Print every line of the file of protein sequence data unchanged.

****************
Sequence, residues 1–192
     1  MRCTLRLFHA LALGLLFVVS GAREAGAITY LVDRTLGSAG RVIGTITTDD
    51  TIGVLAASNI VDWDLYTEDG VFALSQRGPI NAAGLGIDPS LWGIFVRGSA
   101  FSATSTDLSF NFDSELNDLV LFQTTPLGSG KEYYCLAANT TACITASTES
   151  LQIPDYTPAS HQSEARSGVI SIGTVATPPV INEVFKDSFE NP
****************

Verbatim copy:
Sequence, residues 1–192
     1  MRCTLRLFHA LALGLLFVVS GAREAGAITY LVDRTLGSAG RVIGTITTDD
    51  TIGVLAASNI VDWDLYTEDG VFALSQRGPI NAAGLGIDPS LWGIFVRGSA
   101  FSATSTDLSF NFDSELNDLV LFQTTPLGSG KEYYCLAANT TACITASTES
   151  LQIPDYTPAS HQSEARSGVI SIGTVATPPV INEVFKDSFE NP